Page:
Doctrine of Representation In Muslim Inheritance Law

Every personal matter is governed by its respective personal law, e.g. Marriage, guardianship, adoption, conversion of religion, disposal of religious duties etc. and these personal laws also include laws relating to the inheritance of property from one generation to the next.

  • Doctrine of Representation: –

Doctrine of representation is a well-known principle recognised by the Roman, English and Hindu laws of inheritance. Under the principle of representation, the son of a predeceased son represents his father for purposes of inheritance.

The doctrine of representation may be explained with the help of the diagram given below.

A has two sons B and C. B has got three sons D, E, F and C has a son G. During the life of A, his family members are his two sons (B and C), and four grandsons (D, E, F and G). Unfortunately, B dies before the death of A. Subsequently, when A also dies, the sole surviving members of the family of A are C and four grandsons, D, E, F and G. Under the doctrine of representation, D, E and F will represent their pre-deceased father В and would be entitled to inherit the properties of A in the same manner as В would have inherited, had he been alive at the time of A’s death.

Observation: – The doctrine applies where the heirs don’t have birth right in the property but the right arises at the time of death of the father.

  • In Muslim law for inheritance and succession, the heirs don’t have any birth right in the property of the father but the right arises at the time of death of the father.

Sunni and Shia are two communities in India constituting most of the Muslim population of the country. So, we will be discussing the above mention doctrine in respect of the two groups mentioned above.

Sunni School of thought is further divided into four Sub-schools – Hanafi, Hanbali, Shafii, Maliki.

Shia School of thought is further divided into three Sub-schools – Athna Asharia, Ismailya, Zaidya. 

For Sunni school of thought we will discuss the Hanafi law and for Shia School of thought we will discuss the Athna Asharia law because they both are the largest sect in their respective school of thoughts.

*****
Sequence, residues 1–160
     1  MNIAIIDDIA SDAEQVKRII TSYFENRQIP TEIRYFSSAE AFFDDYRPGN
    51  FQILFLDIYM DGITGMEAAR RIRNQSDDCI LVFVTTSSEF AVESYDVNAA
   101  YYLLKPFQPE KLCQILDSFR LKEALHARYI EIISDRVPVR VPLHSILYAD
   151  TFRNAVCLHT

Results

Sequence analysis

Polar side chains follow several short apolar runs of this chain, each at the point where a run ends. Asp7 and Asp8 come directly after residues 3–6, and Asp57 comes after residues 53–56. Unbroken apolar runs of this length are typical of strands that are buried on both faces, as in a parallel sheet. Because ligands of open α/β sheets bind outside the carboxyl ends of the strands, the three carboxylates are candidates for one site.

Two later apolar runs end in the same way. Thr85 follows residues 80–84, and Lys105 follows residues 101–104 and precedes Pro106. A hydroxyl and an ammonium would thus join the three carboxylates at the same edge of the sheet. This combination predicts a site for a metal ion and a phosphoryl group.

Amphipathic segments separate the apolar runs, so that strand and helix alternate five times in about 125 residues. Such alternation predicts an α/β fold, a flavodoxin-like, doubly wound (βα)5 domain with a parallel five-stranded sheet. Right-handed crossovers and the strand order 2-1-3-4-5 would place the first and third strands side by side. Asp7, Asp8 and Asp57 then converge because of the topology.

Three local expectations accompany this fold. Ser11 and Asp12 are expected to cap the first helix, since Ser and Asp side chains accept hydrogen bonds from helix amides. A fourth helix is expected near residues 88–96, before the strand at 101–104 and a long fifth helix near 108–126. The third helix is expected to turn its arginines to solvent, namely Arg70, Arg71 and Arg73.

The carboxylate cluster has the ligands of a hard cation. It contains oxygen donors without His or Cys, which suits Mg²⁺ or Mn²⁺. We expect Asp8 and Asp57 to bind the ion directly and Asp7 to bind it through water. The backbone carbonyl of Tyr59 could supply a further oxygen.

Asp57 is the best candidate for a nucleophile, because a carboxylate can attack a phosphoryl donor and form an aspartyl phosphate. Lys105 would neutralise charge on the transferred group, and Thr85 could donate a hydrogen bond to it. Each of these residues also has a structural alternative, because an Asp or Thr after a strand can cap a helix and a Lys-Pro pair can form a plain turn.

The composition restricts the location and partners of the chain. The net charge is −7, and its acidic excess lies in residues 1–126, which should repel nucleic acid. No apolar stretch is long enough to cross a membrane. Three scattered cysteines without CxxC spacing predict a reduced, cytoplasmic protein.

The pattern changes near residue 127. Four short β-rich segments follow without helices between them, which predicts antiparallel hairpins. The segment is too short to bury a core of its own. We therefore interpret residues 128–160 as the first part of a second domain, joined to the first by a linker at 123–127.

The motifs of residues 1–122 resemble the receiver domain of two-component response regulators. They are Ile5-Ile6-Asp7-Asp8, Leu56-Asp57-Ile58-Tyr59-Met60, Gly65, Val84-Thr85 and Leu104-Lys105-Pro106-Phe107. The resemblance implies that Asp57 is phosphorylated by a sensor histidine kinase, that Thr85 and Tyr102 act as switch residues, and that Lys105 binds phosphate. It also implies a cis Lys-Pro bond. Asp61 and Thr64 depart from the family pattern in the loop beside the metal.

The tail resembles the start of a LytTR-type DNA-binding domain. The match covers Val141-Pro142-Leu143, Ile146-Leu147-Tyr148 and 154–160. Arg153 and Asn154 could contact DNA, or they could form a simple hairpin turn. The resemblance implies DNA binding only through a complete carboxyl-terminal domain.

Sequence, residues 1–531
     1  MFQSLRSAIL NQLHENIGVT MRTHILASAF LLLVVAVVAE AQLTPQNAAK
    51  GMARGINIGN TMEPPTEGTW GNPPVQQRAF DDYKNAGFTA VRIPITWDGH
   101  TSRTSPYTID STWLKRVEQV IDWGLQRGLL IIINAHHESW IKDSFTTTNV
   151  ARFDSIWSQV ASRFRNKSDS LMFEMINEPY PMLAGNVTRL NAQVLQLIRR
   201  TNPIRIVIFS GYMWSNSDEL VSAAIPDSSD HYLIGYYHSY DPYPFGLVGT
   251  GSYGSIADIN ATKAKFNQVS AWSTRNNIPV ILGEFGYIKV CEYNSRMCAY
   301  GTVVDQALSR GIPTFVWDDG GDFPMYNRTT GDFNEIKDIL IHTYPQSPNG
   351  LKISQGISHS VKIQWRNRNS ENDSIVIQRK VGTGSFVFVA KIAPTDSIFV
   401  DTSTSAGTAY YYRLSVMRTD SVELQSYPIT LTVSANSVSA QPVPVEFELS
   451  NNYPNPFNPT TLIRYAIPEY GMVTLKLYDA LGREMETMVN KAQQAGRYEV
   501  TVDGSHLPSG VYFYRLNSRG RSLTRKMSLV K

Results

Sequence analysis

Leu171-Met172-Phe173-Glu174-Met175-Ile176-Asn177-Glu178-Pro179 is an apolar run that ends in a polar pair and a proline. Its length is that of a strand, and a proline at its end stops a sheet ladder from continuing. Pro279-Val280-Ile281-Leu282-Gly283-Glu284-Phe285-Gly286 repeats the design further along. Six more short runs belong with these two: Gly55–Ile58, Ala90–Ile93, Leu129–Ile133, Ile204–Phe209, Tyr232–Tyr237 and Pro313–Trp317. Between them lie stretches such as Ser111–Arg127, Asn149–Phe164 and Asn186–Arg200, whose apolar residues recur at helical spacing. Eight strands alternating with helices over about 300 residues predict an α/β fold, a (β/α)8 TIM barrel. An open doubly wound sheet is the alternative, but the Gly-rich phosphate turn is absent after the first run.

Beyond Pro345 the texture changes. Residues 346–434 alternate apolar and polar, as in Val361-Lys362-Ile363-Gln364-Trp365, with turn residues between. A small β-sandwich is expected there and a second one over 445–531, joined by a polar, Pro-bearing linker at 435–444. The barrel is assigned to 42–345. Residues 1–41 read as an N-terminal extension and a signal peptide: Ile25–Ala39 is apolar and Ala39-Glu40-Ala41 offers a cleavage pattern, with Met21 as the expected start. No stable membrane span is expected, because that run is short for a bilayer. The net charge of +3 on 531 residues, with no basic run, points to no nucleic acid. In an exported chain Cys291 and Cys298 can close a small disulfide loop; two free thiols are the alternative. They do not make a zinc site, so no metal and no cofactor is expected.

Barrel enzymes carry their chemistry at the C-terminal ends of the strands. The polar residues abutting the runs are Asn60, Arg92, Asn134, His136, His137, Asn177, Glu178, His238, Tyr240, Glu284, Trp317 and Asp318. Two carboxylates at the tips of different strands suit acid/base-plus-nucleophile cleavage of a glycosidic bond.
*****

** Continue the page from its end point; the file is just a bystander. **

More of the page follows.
• Neither Sunni nor Shia school of thought recognises the Doctrine of representation.

But under Shia law doctrine of representation is already present, but in another shape, because in Shia law the property is distributed as per the Per-Strip distribution rule.

The following illustration will help us under stand the above rule: –

According to Per-strip distribution rule, the property gets distributed among the heirs according to the strip they belong to. Suppose A has two sons i.e. B and C. B has three children i.e. D, E and L. C has two children G and H. Suppose on the death of A his property’s worth is estimated to be about ₹900. B and C would be entitled to an equal share of ₹450 each i.e. distributed equally among strips.

In case if B dies in the life of A, and then after some years unfortunately A also dies then B’s children’s share shall be in following manner. D, E and L can inherit the property to the extent of B’s share or which is inherited by their respective strip. Their share shall be ₹450/3 each with their uncle C getting ₹450 as per the strip respectively.

In Sunni Law the property is distributed as per Per-capita distribution rule. The rule says, the property of the dead ancestor gets equally distributed among the heirs. The heir don’t represent the strip from which he inherits as like in Shia Law.